As you’ve probably seen at some point in your life, trees do not disappear in the same way that flowers or flora might in the winter. They may lose their leaves, but there is a chance that does not even happen if the tree is an evergreen. So, how do deciduous trees survive the winter?
Trees can generally survive temperatures as low as 30°f – 40°f during the winter. Tree’s shed their leaves in the Fall to reduce winter water loss while excess snow is available. Trees also slowly dehydrate themselves in the summer to expunge excess water, which would cause the tree to burst.
Before we go deeper into the methods that trees may utilize, we should take some time to first discuss the question in a general sense: how is it that trees can avoid freezing? Follow along, and we’ll get straight to the good part!
How Do Trees Not Freeze?
Trees are some of the most prevalent, sturdy plants that span the planet. So how is it that they can manage to not only survive the winter months in places with temperatures dropping well below freezing but thrive in those environments?
Trees are adaptable but will only grow to maturity in places that can sustain their species.
Here is a most-asked question about trees and their ability to survive the winter:
What Do Trees Need To Get Ready For Winter?
Whether adjusting cold tolerance on a cellular level, dropping leaves, or keeping needles, and allowing the bark to become the protector it was meant to be; trees go through many processes to prepare for the winter.
All trees are different, but the basic biology that drives them is what allows them to be both resilient and flexible organisms, especially during extremely cold temperatures.
4 Ways That Trees Can Survive In The Cold
OK – now we are really getting into the good part here!
Here are a few ways that trees are able to survive in the cold and winter. Of course, these methods may not be the exact practices that every single tree uses, nor do they ensure 100% that a tree will survive. However, when it comes to resilience, these are huge players.
Mulch Protects Tree Roots in The Winter
Topping our list is the least natural of methods because it is one that involves human assistance. That’s right; you can play a pretty sizeable role in protecting your plants during those cold winter months!
Root injury is one of the winter effects that begin at the base of a tree and work their way through the body of the entire individual, leading to severe damage or even the death of the tree.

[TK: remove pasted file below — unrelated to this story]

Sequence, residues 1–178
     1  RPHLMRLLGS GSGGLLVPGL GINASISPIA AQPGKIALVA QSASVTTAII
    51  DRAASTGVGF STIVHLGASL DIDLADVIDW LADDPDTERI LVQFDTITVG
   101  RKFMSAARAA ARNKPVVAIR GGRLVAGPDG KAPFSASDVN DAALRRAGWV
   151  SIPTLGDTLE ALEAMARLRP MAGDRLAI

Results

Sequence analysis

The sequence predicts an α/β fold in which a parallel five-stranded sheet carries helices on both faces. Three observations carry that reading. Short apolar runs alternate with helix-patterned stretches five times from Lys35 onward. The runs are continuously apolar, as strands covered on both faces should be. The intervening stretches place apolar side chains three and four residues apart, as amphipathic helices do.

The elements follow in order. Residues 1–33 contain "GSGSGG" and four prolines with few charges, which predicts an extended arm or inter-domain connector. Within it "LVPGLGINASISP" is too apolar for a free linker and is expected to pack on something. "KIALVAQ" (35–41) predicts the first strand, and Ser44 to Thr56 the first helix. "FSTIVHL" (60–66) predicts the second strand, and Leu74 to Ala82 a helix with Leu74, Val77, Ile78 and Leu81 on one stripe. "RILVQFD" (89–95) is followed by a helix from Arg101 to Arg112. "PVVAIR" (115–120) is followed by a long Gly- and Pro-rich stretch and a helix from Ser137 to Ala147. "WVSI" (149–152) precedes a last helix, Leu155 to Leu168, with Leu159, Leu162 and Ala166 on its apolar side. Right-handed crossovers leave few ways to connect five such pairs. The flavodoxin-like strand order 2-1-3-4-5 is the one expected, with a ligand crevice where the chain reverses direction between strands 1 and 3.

You can help your tree to avoid root injury by using a few methods to cover the roots.
For instance, winter mulch can help to reduce winter tree root injury. You’ll want to start by covering the roots of your not-quite-mature tree, especially any newly planted trees or shrubs, with a few inches of shredded mulch. About the width of your hand should do the trick.
You’ll then want to place the mulch in a circular pattern around the tree and then pull the mulch about 1/2ft away from the base of the tree. This will ensure that any stray roots will not be subject to freezing temperatures.
If there are any cracks in the soil around your tree as you are completing this first step, you’ll want to make sure that they are filled in with new soil before you move on.
Next, you will want to consider what the fall weather has been like in your area.
Has it been dry? Make sure to water the soil (and mulch) around your tree before the first frost, so there is not any possibility of frost that would result from dry soil soaking up moisture that hardens into an icy layer once underground.
If the Fall had a decent level of rainfall, that last step is NOT something you will have to take into consideration.
Tree Bark Insulates The Inside of The Tree
Tree bark does more than just indicate what type of a tree you may be looking at or dealing with; its benefits go far beyond the qualitative, descriptive uses that it can serve.
The bark of a tree is a great insulator and acts as more than just an outer layer. The bark of a tree is essentially like a jacket, a natural fence to deter animals from getting too close to the trunk itself, and helps the tree to regulate its internal temperature.
In the hot months of summer, the insulation works well to reflect light and disperse heat in a way that acts to cool the majority of the tree down. From roots to limbs, and the entire truck in between, the temperature of the tree is able to be well-regulated.
This effect is reversed in the cold winter months, and the tree is able to regulate itself in a new way. Instead of cooling down, the insulating properties of the bark help the tree to warm itself up.
The ‘body heat,’ so to speak, remains trapped below the bark, and the tree is protected against cracking and freezing that would otherwise be caused by the cold.